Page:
I believe that the peasant movement has never been part of the Civic Alliance, in practical terms. They joined the Alliance in the first stage, when the dialogue began. Medardo was imprisoned. When he leaves prison Medardo enters with a different political perspective, in which they keep themselves practically outside the Civic Alliance. They have self-constituted in a third force. But it is not a third political force, but rather an autonomous movement that defines itself as a peasant movement.

Their base is important. However, in practical terms they still have to define what is their position in national terms. And, somehow, they are not transparent in what they want to define, in terms of what is the national interest they want to defend, and that represents a problem. I think that the political cost will be greater for them, by not defining themselves and keeping themselves apart from this great coalition.

The 2020 electoral reform

What is the political deadline for the formation of this opposition unity or of this great coalition?

The date that they defined is February 25. That is the calendar deadline, the real limit. It is a symbolic date…

From the 1990 elections?

Exactly. And in practical terms, so, they can announce that. In real terms their political term began this month, because to formalize themselves form a political coalition to a political party, they should have already begun the registration process as such.

Are you starting from the position that any process is with the current rules of the dictatorship? Do you rule out that a real electoral reform can be done?

It is because the electoral reforms that are going to take place at this time are being cooked in the Legislative Assembly, and they will be cosmetic. So, from a strategic point of view you have to start working with what there is, and if your political capital is potentially strengthening, you need to have a parallel strategy, which is to start to integrate yourself into the rules of the current system.

What pressure capacity does this movement have, be it united in that coalition or as it is now, to really demand a change in the rules of the game?

They do have capacity. What they need to do is ratify it, because they have a popular mandate, which is the force to pressure with the support of the population. The influence they could exert through the opposition parties may allow them to influence a change in the electoral reform.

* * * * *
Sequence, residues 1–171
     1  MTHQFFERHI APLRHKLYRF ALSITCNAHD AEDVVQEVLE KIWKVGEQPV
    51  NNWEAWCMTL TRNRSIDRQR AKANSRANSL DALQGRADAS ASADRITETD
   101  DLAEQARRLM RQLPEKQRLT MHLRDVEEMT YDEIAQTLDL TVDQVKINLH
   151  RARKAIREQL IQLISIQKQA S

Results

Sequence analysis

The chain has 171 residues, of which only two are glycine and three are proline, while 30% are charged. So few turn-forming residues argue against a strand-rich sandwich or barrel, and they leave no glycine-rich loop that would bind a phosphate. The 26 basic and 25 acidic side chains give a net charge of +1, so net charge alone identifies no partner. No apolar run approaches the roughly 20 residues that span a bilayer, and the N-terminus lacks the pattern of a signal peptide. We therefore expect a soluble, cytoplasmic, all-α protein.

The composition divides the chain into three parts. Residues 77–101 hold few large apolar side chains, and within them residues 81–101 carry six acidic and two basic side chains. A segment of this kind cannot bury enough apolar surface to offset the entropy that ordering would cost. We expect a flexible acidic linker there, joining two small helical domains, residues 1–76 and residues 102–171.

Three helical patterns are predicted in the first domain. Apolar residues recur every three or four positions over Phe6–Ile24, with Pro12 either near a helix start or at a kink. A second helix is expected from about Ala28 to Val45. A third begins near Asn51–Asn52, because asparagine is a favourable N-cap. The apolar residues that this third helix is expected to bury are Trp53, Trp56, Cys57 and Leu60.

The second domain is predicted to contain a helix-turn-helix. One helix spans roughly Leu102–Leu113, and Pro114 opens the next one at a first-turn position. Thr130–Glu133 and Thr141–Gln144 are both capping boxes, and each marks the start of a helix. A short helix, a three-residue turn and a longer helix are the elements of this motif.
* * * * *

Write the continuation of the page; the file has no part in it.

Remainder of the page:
Now, Daniel Ortega technically has all the legal power to make reforms at will. Then in practical terms, this is where the role of the international community enters so that a reform be done that will allow the formation of coalitions and international observation.

Competitive elections under a state of siege

How do you see the political trends of this year? Can Ortega recover the initiative and divide the opposition into different blocks? Can the opposition be configured as a national block?

Ortega knows that in Nicaragua politics is very divisive. And, his strategy is precisely, to make cosmetic reforms, to allow as many parties to be formed, assuming that, the more parties that are formed and go to elections, the Sandinista Front will win. This is his premise, along with a minimal economic growth.

Thus, the coalition has as the challenge of setting up a political block where, at least three political parties commit to enter an electoral process as one single force. Now, if that is to happen, it depends practically on the “CxL” (Citizens for Freedom), of the party (Democratic Restoration) of Saturnino (Cerrato), and the PLC (Constitutionalist Liberal Party).

The balance of power may change inasmuch this political coalition includes the commitment of the political parties that do become a part, and of being subordinated in some way to the concept of coalition as defined by the Civic Alliance and the National Unity.

The suspension of the de facto state of siege, the recuperation of the right to free mobilization and of full democratic freedoms, what space do they have in this crisis?

We must take advantage of those moments, of those freedoms that are provided partially, where the police appear and disappear, where your life is semi-controlled. This has to be capitalized somehow. And the way to capitalize on it is basically making sure that the political coalition manages to have the support of the population, even to go to an electoral process in 2021.

But people say: elections cannot be held here with political prisoners, without recovering the streets, without freedom of mobilization…

I believe that, if this political coalition enters fully this year, they can put more pressure for political prisoners to be released. That is the most important premise.

Can you imagine an election under a state of siege?

Yes. I believe that in Nicaragua we cannot expect that Daniel Ortega will lift the state of siege. The truth is that here you are going to fight in a competitive disadvantage. That is why international pressure is important.

Nicaraguans are clear that this is not a democracy. They are clear that a peaceful solution must be electoral and not violent. They know what are the political costs that have to be recovered; but they also know that within that political cost there is life, in the next 22 months, in the context of a police state, and that is what they are going to live with.

Can trust be achieved for people to go to vote in an election under those terms?

Yes, of course it can be achieved, provided that this coalition reflects the interest of Nicaraguans who want to vote for a candidate other than Daniel Ortega. That trust will exist. And that is what the opposition coalition must be clear about, that they need that to win, to really enjoy the support of Nicaraguans.


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Carlos F. Chamorro

Carlos F. Chamorro

Periodista nicaragüense, exiliado en Costa Rica. Fundador y director de Confidencial y Esta Semana. Miembro del Consejo Rector de la Fundación Gabo. Ha sido Knight Fellow en la Universidad de Stanford (1997-1998) y profesor visitante en la Maestría de Periodismo de la Universidad de Berkeley, California (1998-1999). En mayo 2009, obtuvo el Premio a la Libertad de Expresión en Iberoamérica, de Casa América Cataluña (España). En octubre de 2010 recibió el Premio Maria Moors Cabot de la Escuela de Periodismo de la Universidad de Columbia en Nueva York. En 2021 obtuvo el Premio Ortega y Gasset por su trayectoria periodística.